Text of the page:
The US has never defaulted on its debt before, and to do so would almost surely result in extreme global market volatility.

BBC Business editor Robert Peston says if the world's richest economy fails to pay its bills and US official and quasi-official debts are consequentially downgraded, it "would precipitate unthinkable turmoil in markets".

As the ninth day of the partial government shutdown wore on, Democratic senators took to the US Capitol's steps to call on Republicans to reopen the government.

The Senate's Democratic leaders have introduced legislation that would allow the US to borrow money through the end of 2014.

But its path forward in the Senate is unclear, as the bill would have to attract several Republican votes to clear a procedural test vote, expected on Saturday.

Complicating the political situation, a growing number of Republicans have questioned the extent of the economic damage if the US does breach the 17 October deadline without raising the borrowing limit.

"I would dispel the rumour that is going around that you hear on every newscast that if we don't raise the debt ceiling we will default on our debt," Oklahoma Republican Senator Tom Coburn told CBS on Monday. "We won't."

Treasury Secretary Jack Lew has said that on 17 October the US will have exhausted its borrowing limit and will have only $30bn (£19bn) cash on hand to fund a government that can spend as much as $60bn on certain days.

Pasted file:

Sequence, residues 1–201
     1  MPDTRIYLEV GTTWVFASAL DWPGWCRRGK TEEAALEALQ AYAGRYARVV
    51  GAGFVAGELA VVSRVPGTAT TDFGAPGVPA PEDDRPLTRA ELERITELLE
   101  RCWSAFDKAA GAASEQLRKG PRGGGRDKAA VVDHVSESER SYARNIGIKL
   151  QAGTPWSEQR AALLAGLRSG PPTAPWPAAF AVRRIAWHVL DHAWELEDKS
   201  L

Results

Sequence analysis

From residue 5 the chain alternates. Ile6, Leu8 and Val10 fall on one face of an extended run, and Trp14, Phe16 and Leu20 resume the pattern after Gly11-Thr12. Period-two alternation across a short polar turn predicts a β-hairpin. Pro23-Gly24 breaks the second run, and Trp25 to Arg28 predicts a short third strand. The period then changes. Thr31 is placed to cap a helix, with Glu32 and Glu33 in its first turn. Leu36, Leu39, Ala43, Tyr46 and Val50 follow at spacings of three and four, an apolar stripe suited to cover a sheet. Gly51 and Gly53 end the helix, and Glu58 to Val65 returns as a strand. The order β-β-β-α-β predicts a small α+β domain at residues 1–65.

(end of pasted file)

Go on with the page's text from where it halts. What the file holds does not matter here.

'Outraged and embarrassed'

The IMF has warned a failure by Congress to raise the federal debt ceiling and US default would cause "a worldwide shock" to the economy.

Also on Wednesday, the House, in a near-unanimous vote passed legislation to restore death benefits to families of fallen US soldiers.

The defence department typically pays $100,000, tax-free, within three days of a soldier's death, but the shutdown left it no authority to pay.

White House spokesman Jay Carney told reporters that Mr Obama was "disturbed'' to learn a previous bill ensuring military members were paid during the shutdown did not cover the benefit, but that the administration hoped to find a resolution to the problem.

Shortly after the House vote, Defence Secretary Chuck Hagel announced the Pentagon had struck a deal with the Fisher House Foundation, a private charity, to fund the benefits until the shutdown ends.

"I am offended, outraged, and embarrassed that the government shutdown had prevented the Department of Defense from fulfilling this most sacred responsibility in a timely manner," Mr Hagel said.

Graphic shows department and institutions affected by shutdown, including: Defense: 400,000 staff, Energy: 12,700 staff, Environmental Protection Agency: 17,000 staff, Commerce: 30,000 staff, Transportation: 18,481 staff, Housing and Urban Development: 8,360 staff. Smithsonian Institutions: 19 museums/galleries and National Zoo. National Parks, including Statue of Liberty, Alcatraz. Exceptions include: Air traffic control, National security, Nuclear weapons and power